Monday, September 29, 2014

Fracking and Mining Endanger America's Fresh Water!

I lived in the coal fields of Eastern Kentucky (Knott County, KY) for a year and just outside the coal mining counties for 6 years (Madison County, KY). I have in-laws and friends  who've spent most of their adult lives in the Eastern Kentucky coalfields or very near them (Steve and Sue Sanders and their children; Tony Oppegard). I have seen firsthand what modern mining techniques do to streams, rivers, and aquifers. So much of Eastern Kentucky and other coal mining states are "Zones of National Sacrifice," as Harry Caudill, author of Night Comes to the Cumberlands, put it. Well I am not ready to offer Ohio up as a Zone of National Sacrifice. My county, Geauga County, is totally dependent on well water for everything. The greatest current threat to drinking water in my county and in Ohio (and really, in most of the nation) is the fracking boom, which Governor Kasich has welcomed with open arms. We won't have the disaster of coal mining in Geauga and surrounding counties, but we could be faced with the disaster of widespread fracking.

Recently RJ Sigmund, in his weekly digest of fracking issues, discussed the danger of fracking to fresh water supplies. Sigmund states:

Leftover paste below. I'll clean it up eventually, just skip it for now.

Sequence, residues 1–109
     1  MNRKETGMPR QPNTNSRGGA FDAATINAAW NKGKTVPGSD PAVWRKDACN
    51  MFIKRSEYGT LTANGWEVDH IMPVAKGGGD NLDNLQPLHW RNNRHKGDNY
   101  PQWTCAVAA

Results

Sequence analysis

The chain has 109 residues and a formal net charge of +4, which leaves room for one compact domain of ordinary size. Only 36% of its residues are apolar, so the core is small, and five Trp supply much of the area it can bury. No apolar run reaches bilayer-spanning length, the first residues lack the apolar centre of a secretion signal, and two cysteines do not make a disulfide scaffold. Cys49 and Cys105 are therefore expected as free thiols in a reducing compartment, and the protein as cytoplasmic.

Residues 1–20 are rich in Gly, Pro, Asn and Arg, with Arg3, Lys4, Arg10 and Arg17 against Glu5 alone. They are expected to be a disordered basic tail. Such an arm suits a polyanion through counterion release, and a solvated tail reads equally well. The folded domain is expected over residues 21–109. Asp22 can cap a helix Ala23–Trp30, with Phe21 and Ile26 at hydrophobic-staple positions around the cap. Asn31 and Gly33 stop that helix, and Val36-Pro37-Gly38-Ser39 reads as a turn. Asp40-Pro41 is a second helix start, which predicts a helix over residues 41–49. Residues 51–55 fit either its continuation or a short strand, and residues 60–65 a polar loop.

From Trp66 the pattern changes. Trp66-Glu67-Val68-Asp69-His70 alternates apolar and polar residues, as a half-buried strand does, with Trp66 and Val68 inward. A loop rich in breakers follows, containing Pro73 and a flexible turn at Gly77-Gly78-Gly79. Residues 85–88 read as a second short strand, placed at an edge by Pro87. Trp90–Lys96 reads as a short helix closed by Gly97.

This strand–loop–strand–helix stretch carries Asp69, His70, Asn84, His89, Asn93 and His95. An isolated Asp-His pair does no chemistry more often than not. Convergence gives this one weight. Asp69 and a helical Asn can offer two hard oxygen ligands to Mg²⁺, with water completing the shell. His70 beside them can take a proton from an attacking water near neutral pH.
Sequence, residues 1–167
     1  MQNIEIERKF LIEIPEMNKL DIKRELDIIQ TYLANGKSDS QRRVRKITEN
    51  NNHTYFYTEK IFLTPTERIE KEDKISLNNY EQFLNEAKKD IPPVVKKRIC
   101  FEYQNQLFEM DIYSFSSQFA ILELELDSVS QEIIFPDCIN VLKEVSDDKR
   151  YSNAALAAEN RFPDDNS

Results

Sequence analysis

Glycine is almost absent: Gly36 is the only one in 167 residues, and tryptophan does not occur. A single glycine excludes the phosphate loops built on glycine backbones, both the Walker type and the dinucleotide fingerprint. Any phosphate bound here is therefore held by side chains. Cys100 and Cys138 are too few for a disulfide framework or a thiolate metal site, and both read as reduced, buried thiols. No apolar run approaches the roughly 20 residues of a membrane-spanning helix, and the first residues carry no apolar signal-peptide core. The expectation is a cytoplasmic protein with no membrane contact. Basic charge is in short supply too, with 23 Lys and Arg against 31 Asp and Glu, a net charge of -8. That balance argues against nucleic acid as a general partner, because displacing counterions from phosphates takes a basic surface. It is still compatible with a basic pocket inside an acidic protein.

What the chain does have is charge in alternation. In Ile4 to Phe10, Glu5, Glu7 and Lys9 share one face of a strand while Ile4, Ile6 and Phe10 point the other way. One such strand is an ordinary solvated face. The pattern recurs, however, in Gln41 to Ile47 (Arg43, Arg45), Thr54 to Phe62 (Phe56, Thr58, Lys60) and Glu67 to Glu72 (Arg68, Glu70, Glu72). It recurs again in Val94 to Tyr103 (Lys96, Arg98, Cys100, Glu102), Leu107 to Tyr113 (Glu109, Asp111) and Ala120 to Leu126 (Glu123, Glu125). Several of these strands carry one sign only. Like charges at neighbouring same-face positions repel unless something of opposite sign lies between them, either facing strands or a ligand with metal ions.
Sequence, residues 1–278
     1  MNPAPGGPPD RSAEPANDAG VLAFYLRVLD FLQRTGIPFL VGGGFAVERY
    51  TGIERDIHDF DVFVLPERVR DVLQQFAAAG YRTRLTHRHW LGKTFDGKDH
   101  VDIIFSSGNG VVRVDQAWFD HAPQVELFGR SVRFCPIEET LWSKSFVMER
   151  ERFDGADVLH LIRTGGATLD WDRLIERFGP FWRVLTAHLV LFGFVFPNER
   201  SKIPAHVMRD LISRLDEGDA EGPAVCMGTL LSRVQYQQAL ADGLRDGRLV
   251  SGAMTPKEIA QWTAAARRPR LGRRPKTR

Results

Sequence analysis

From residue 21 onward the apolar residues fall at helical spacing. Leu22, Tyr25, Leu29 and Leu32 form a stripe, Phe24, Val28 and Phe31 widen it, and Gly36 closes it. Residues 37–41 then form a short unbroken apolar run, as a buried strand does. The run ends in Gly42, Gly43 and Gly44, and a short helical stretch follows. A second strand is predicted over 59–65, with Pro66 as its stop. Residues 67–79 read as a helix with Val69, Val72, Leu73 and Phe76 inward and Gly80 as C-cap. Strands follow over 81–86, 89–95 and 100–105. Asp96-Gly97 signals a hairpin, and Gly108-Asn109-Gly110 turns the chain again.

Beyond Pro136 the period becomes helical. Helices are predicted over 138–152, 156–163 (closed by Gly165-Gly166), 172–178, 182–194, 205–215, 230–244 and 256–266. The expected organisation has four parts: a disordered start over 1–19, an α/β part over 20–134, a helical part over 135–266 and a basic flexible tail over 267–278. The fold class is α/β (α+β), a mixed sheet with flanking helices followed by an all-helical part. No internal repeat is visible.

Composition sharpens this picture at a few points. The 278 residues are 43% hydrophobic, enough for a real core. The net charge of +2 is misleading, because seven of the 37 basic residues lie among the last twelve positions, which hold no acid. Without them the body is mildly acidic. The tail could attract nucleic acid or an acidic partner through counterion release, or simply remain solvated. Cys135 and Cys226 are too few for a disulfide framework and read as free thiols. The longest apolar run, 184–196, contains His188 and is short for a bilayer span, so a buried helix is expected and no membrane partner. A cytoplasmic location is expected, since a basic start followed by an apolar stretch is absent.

Thirsty wells: Fracking consumes billions of gallons of water - Drillers in Ohio have used more than 4 billion gallons of water to frack horizontal shale wells since 2011. That’s a lot of water. Enough to fill one two-liter soda bottle for every person on the planet; or in terms that motorists in shale country can relate to, 800,000 tanker-loads of water.  The state surpassed the thousand-well mark in August. A Repository review of water usage reported by drillers to FracFocus, a national fracking-chemical registry, as of Sept. 12, shows:
    • • Of the first 1,031 Utica and Marcellus shale wells drilled, FracFocus listed the amount of water used to frack 662.
    • • Water use for all 1,031 wells could approach 6.7 billion gallons, based on average water-use rates per county.
    • • Chesapeake Energy used 2 billion gallons on 411 reported wells.
    • • Three wells in Ohio topped 17 million gallons.
    • • Average water usage was 6.1 million gallons.
    • • Fracking could consume more than 10 billion gallons of water if all current well permits are drilled.
    • • Some wells used more water than what drillers estimated on permit applications.
How can this water usage be done in Geauga County without endangering the water supply to every single Geauga household, business, and factory? 

Sigmund also discusses fracking waste-water and injection wells. These further endanger the water supply in our area--permanently, in light of average human lifespans. This is short-term gain (the fracking money, which makes a few people very wealth), and long-term disaster.

Here is what Sigmund writes about Beautiful Ohio, injection waste-water capital of America: